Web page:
The donation of works of art and the related economic rights

A recent ruling of the Court of Cagliari

The donation of a work of art, as well as its sale, does not imply the simultaneous transmission of the related economic rights from the donor to the donee. The confirmation comes from the Court of Cagliari that, on March 27, 2021, affirmed (or rather, reaffirmed, rejecting the appeal of the losing party) that the donation of a work of art – like any act of disposal – does not imply the transfer of economic rights, unless (of course) otherwise agreed.

The dispute, which arose in February 2020, involved Mrs. Maria Sofia Pisu, niece (and only heiress) of the Sardinian artist Maria Lai, passed away in 2013, and the Stazione dell’Arte Foundation, a contemporary art museum opened in 2006 and dedicated to the artist, from whom it received a donation of over one hundred works.

Mrs. Pisu sued the Foundation claiming an infringement – perpetrated through the distribution and marketing of books containing images of some of Maria Lai’s works – of her economic rights on the works donated by the artist, of which her niece (as her sole heiress) claimed to be the legitimate holder. On the other hand, the Foundation defended itself claiming to have acted lawfully since Maria Lai, through the said donation, did not intended to transfer only the physical property of their works, but also the related economic rights, “being clear that the donation of such works was part of, and strictly functional to, a project of promotion and enhancement of the artist’s work to which all the Foundation’s activities were institutionally and exclusively aimed”[1] and therefore this also included all the rights necessary to produce books, catalogs, studies, films and audiovisual works, conventions or exhibitions.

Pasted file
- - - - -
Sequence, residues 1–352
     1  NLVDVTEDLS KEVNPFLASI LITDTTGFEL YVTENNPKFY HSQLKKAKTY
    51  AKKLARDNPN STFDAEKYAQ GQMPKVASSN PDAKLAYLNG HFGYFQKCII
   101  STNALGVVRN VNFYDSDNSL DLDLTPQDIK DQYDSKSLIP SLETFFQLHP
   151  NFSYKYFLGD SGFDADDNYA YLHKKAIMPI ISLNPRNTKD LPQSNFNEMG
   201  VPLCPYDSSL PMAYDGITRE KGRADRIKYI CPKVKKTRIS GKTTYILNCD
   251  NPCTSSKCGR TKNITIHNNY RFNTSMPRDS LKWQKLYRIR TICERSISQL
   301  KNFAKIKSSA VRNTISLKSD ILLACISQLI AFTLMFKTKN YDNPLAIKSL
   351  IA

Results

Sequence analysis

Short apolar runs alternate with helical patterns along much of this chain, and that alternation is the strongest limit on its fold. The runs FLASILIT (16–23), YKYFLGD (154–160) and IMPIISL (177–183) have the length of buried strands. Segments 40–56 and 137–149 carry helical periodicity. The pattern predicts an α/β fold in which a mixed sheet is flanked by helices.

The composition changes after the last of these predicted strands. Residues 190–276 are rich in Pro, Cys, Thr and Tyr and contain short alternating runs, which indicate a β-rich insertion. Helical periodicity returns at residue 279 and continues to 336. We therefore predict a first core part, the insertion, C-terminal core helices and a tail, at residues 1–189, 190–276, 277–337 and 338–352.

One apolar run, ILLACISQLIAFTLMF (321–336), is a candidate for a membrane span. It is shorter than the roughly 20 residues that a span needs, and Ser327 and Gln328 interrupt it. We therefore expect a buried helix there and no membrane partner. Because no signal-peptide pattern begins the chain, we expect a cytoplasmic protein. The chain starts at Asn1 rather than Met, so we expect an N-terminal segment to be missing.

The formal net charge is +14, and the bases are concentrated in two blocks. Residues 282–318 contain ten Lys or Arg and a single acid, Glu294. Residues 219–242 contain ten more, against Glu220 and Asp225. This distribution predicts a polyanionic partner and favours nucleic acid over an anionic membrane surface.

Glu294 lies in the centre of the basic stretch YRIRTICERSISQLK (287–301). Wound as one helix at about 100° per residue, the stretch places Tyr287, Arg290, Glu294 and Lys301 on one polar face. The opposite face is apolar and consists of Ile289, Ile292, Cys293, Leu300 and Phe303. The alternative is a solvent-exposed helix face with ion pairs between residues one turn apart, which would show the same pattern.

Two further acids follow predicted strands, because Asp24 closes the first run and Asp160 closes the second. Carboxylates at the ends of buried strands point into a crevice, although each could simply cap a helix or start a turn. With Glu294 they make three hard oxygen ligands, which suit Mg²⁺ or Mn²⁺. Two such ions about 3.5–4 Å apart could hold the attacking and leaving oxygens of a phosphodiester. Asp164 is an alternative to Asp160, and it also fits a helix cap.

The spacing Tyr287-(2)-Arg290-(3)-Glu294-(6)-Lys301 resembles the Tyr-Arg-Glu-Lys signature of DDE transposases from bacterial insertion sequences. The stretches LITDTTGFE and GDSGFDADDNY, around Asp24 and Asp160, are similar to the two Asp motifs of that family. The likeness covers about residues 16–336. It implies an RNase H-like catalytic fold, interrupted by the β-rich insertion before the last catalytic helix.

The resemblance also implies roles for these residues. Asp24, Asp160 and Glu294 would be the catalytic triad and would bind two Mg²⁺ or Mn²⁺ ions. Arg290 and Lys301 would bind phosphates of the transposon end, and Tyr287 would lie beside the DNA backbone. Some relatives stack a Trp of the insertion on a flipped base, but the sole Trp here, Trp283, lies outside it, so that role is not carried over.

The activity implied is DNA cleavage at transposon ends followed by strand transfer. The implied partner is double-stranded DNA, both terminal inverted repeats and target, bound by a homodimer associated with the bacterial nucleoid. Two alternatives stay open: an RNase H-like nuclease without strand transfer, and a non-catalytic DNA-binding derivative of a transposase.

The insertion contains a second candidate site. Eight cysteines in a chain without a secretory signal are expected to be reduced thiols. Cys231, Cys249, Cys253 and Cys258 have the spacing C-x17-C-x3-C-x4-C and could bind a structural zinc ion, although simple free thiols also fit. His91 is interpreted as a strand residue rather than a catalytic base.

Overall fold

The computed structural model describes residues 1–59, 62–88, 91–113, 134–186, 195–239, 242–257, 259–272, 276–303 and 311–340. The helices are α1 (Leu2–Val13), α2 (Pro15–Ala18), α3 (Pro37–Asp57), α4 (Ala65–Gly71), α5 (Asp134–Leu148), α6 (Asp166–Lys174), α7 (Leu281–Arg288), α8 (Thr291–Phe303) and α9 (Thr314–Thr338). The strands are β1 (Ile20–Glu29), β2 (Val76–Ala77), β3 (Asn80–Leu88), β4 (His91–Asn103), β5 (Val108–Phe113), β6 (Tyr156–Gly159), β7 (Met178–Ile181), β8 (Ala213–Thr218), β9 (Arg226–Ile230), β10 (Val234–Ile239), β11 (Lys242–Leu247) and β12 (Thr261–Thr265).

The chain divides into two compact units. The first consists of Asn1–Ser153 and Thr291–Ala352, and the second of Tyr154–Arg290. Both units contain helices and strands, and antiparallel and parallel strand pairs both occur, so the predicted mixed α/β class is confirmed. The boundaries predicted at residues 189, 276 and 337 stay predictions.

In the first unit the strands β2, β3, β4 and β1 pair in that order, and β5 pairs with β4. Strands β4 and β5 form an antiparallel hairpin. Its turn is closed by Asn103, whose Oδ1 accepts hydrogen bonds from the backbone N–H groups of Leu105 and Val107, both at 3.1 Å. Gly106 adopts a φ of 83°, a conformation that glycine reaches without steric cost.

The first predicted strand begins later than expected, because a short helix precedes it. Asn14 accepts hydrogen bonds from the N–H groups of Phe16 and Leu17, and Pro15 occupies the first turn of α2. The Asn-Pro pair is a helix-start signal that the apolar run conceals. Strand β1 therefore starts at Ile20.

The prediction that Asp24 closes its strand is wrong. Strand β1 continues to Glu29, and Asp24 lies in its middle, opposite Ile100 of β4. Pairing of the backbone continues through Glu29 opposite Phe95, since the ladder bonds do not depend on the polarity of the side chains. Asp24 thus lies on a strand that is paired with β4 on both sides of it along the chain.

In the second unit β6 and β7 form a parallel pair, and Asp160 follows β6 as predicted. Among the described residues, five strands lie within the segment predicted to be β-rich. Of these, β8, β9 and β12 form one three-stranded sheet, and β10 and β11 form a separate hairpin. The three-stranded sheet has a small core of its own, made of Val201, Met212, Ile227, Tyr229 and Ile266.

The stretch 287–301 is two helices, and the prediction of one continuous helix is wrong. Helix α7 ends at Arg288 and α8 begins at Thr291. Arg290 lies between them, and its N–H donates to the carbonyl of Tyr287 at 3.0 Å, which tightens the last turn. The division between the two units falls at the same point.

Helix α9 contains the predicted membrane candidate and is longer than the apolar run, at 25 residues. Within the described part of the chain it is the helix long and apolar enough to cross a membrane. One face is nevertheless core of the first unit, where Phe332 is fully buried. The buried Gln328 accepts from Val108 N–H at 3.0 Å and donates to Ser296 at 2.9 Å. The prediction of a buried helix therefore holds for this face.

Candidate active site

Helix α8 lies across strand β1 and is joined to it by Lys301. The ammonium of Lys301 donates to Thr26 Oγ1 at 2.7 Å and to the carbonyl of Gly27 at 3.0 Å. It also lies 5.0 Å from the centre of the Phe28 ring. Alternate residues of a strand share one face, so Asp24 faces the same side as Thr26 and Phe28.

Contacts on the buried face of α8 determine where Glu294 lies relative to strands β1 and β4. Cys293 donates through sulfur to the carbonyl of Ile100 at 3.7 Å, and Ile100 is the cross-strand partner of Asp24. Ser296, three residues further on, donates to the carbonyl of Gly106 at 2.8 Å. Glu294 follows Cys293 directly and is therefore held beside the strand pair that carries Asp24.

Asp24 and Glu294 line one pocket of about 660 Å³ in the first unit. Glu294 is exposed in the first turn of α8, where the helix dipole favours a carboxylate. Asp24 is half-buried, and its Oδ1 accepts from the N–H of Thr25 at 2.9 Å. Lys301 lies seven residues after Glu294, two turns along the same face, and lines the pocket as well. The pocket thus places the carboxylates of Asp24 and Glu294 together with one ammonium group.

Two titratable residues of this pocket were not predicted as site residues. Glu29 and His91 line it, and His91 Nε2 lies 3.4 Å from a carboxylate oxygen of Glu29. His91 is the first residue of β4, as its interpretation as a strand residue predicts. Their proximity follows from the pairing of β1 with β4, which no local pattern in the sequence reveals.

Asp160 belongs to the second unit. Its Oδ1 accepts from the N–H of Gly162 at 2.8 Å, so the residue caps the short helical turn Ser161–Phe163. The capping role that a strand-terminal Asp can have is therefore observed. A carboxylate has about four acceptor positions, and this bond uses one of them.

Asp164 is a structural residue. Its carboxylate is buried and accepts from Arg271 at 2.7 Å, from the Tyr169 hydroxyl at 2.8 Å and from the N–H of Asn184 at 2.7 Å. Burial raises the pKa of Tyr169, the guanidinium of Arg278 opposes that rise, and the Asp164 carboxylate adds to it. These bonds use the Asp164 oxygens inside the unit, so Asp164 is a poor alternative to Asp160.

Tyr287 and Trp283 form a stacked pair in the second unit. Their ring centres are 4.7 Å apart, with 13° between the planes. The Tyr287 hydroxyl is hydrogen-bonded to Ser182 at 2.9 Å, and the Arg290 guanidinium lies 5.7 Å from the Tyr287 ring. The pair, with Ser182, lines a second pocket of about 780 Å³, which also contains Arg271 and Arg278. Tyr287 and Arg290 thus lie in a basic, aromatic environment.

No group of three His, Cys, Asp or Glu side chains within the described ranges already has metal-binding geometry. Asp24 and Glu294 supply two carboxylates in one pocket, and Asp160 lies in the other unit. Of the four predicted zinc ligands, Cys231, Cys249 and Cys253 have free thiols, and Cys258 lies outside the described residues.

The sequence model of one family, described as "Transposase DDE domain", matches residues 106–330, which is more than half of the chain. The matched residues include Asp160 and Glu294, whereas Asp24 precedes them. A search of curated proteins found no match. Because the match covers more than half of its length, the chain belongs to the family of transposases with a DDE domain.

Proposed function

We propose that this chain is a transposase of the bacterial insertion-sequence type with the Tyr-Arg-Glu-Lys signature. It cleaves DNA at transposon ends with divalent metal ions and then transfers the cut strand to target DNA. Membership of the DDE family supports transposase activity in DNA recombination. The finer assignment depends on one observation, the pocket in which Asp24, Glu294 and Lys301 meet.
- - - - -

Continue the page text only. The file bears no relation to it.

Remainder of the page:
Mrs. Pisu’s request for an injunction, which had already been granted by the Court of Cagliari on January 19, 2021, was confirmed by the same judge who, on March 27, 2021, rejected the appeal promoted by the Stazione dell’Arte Foundation. The Court pointed out that a proper reading of Article 109 of the Italian Copyright Law, which states that “the disposal of one or more copies of the work does not imply, unless otherwise agreed, the transmission of exploitation rights”, requires the necessary existence of an express agreement regarding such rights, with the logical consequence that any systematic interpretation of the agreement that implicitly entails their transmission is not admissible.

Naturally, this is a pronouncement granted in the precautionary phase which, although unlikely, might not be confirmed in a potential judgment on the merits.

 

 

[1] Court of Cagliari (RG 1958/2020); order January 19, 2021